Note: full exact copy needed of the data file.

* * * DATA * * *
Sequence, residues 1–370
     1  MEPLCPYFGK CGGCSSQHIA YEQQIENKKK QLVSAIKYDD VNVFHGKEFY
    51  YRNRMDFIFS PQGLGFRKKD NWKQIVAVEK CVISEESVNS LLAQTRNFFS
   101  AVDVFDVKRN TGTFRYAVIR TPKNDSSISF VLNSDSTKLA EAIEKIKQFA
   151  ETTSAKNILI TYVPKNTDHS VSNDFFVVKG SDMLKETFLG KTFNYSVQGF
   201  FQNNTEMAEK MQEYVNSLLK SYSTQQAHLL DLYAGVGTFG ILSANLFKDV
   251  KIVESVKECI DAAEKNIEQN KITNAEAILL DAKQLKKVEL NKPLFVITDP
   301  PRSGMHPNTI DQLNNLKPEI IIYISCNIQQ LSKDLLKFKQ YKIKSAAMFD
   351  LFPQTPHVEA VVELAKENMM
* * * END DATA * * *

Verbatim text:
Sequence, residues 1–370
     1  MEPLCPYFGK CGGCSSQHIA YEQQIENKKK QLVSAIKYDD VNVFHGKEFY
    51  YRNRMDFIFS PQGLGFRKKD NWKQIVAVEK CVISEESVNS LLAQTRNFFS
   101  AVDVFDVKRN TGTFRYAVIR TPKNDSSISF VLNSDSTKLA EAIEKIKQFA
   151  ETTSAKNILI TYVPKNTDHS VSNDFFVVKG SDMLKETFLG KTFNYSVQGF
   201  FQNNTEMAEK MQEYVNSLLK SYSTQQAHLL DLYAGVGTFG ILSANLFKDV
   251  KIVESVKECI DAAEKNIEQN KITNAEAILL DAKQLKKVEL NKPLFVITDP
   301  PRSGMHPNTI DQLNNLKPEI IIYISCNIQQ LSKDLLKFKQ YKIKSAAMFD
   351  LFPQTPHVEA VVELAKENMM